Thursday, September 04, 2014

Act now to boost Norway’s skills

by Andreas Schleicher
Director, Directorate for Education and Skills 

When Norway makes the front page, the focus is usually on the country’s vast natural resources which have generated the world’s largest sovereign wealth fund. In today’s economic climate, this is definitely good news.

Yet if you look beyond the headlines there is little room for complacency. Norway faces slowing productivity growth in the mainland economy, high labour costs and modest levels of entrepreneurship and innovation.

How can these challenges be tackled? In the words of Prime Minister Solberg, “Skills are the cure”. Skills are central to ensuring Norway’s future competitiveness as well as the health, wealth and well-being of its people. The economic value of Norway’s skills could be over ten times the value of its natural resources, and while the latter are finite and declining the former are infinite. The difficulty is that skills and oil don't usually mix very well. Most of the world’s oil-rich countries could do a lot better to develop and use the skills of their people. Concerted efforts are therefore needed to connect skills with jobs, productivity, prosperity and social cohesion.

The OECD Skills Strategy Action Report: Norway, published today, identifies five key actions to strengthen Norway’s skills system. They are supported by detailed suggestions on how both government and stakeholders in Norway can deliver on these actions, and are illustrated with examples drawn from other countries’ experience. The report also includes a set of concrete proposals that were developed by stakeholders during an interactive design workshop held in Oslo this spring.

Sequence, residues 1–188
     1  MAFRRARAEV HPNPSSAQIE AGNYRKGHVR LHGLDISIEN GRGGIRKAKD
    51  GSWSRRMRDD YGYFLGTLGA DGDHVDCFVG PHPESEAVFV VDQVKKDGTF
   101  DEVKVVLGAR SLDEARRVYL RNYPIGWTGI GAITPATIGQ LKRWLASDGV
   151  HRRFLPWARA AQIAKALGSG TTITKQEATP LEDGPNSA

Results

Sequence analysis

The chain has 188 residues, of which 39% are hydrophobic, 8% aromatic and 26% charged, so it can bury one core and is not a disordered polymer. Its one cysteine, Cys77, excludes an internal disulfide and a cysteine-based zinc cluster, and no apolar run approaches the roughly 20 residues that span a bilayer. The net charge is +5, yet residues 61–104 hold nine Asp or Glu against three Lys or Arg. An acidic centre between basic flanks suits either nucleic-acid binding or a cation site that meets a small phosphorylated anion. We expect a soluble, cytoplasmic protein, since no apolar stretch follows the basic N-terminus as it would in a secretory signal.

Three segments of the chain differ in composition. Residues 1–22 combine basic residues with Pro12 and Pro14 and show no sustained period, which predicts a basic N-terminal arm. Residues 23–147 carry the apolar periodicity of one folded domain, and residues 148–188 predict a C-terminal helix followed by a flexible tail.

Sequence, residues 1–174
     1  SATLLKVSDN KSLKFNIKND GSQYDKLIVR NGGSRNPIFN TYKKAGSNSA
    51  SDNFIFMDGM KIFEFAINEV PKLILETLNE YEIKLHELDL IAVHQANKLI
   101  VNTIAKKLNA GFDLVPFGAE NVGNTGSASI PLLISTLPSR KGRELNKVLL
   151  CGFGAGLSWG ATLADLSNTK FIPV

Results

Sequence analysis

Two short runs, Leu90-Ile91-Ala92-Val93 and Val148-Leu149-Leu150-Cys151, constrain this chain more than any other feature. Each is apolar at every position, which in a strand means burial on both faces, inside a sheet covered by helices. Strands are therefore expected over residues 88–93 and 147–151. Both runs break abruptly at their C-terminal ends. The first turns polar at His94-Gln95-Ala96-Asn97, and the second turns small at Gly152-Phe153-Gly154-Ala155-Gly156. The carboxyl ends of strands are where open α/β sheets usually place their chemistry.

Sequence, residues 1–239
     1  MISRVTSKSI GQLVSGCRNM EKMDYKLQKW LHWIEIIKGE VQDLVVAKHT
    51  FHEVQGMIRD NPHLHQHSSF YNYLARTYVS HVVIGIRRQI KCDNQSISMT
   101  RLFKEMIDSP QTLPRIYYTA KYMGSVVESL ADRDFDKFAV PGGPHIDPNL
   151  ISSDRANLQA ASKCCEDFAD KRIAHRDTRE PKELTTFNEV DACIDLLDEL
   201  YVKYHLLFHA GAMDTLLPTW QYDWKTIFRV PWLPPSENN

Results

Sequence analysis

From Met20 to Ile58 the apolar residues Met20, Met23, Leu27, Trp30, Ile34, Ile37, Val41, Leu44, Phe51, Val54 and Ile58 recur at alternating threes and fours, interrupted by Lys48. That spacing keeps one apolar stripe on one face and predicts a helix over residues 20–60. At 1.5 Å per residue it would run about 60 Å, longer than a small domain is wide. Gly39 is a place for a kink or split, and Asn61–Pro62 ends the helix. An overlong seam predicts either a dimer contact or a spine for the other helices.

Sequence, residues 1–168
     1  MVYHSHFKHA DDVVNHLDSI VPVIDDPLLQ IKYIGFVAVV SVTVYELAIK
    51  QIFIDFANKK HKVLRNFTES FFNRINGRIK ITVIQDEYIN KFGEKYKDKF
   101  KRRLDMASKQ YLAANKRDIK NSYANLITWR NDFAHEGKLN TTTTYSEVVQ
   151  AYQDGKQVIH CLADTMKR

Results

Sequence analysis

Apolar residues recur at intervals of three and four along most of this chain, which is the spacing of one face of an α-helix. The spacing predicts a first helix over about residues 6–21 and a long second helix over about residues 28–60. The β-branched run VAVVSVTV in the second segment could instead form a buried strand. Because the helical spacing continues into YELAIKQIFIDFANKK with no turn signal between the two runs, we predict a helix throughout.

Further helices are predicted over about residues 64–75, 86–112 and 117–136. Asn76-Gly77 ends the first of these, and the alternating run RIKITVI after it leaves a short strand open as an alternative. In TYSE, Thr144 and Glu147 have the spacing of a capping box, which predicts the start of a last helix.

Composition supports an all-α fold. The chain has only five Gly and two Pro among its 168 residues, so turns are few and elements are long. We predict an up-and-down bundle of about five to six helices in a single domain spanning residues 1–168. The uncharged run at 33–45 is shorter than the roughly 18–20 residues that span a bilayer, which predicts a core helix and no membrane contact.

So what are the five key actions for Norway?

1. Set up a “Skills Strategy for Norway” incorporating a whole-of-government approach.
2. Establish an action plan for continuous education and training.
3. Strengthen the link between skills development and economic growth.
4. Build a comprehensive career guidance system.
5. Strengthen incentives for people to move into shortage occupations.

Taken together, these five key actions constitute a strong and coherent platform for new policy development, and better implementation of existing skills policies in Norway.

The OECD Skills Strategy Action Report: Norway reflects the many valuable contributions received from a wide range of ministries, agencies and over 60 non-governmental actors in the course of 2013-2014, as part of a collaborative project between the OECD and Norway. It builds upon the extensive analysis and findings of the OECD Skills Strategy Diagnostic Report: Norway, published in February 2014, and applies the OECD Skills Strategy three-pillar framework of developing relevant skills, activating skills supply and putting skills to effective use.

Maximising Norway’s skills potential is everyone’s business. Achieving this will require a shared commitment and concerted action across ministries, counties, local governments and social partners. This report will have served its purpose as a catalyst, if it inspires action in the schools, universities and workplaces where people’s skills are developed, activated and put to use. Moreover it comes as a timely reminder that the actions Norway takes today will drive innovation, productivity and prosperity in the future, while ensuring that no-one is left behind.

So when you next spot Norway in the news, take a closer look.

Norwegian skills, rather than oil, might be making the headlines.

OECD Skills Strategy Diagnostic Report: Norway
OECD Skills Strategy
Survey of Adult Skills
For more on skills and skills policies around the world, visit:
See also the country page on skills for Norway
Related blog posts on skills:
Skills will power Norway’s future prosperity, by Andreas Schleicher
Skill up or lose out, by Andreas Schleicher
Let’s talk about skills, by Joanne Caddy
Photo credit: Norway High Resolution Talent Concept  / @Shutterstock

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